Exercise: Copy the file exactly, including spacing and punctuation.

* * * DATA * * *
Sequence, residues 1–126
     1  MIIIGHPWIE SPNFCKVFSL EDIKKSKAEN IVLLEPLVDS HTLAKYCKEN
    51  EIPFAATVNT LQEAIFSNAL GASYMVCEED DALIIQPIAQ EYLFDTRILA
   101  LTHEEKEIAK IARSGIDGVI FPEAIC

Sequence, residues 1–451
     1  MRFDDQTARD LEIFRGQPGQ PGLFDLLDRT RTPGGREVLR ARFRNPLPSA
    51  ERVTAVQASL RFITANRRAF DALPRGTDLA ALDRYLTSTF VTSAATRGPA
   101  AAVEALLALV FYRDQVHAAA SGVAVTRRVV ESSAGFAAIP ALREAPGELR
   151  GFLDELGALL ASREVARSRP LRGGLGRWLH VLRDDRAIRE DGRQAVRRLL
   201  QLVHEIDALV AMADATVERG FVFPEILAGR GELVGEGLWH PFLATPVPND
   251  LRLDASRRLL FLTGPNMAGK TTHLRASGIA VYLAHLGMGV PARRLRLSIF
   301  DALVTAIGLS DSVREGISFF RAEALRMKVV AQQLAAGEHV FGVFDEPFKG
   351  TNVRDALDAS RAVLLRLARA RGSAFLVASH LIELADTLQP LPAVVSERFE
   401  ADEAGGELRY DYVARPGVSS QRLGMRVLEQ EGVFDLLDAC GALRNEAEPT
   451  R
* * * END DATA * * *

Sequence, residues 1–126
     1  MIIIGHPWIE SPNFCKVFSL EDIKKSKAEN IVLLEPLVDS HTLAKYCKEN
    51  EIPFAATVNT LQEAIFSNAL GASYMVCEED DALIIQPIAQ EYLFDTRILA
   101  LTHEEKEIAK IARSGIDGVI FPEAIC

Sequence, residues 1–451
     1  MRFDDQTARD LEIFRGQPGQ PGLFDLLDRT RTPGGREVLR ARFRNPLPSA
    51  ERVTAVQASL RFITANRRAF DALPRGTDLA ALDRYLTSTF VTSAATRGPA
   101  AAVEALLALV FYRDQVHAAA SGVAVTRRVV ESSAGFAAIP ALREAPGELR
   151  GFLDELGALL ASREVARSRP LRGGLGRWLH VLRDDRAIRE DGRQAVRRLL
   201  QLVHEIDALV AMADATVERG FVFPEILAGR GELVGEGLWH PFLATPVPND
   251  LRLDASRRLL FLTGPNMAGK TTHLRASGIA VYLAHLGMGV PARRLRLSIF
   301  DALVTAIGLS DSVREGISFF RAEALRMKVV AQQLAAGEHV FGVFDEPFKG
   351  TNVRDALDAS RAVLLRLARA RGSAFLVASH LIELADTLQP LPAVVSERFE
   401  ADEAGGELRY DYVARPGVSS QRLGMRVLEQ EGVFDLLDAC GALRNEAEPT
   451  R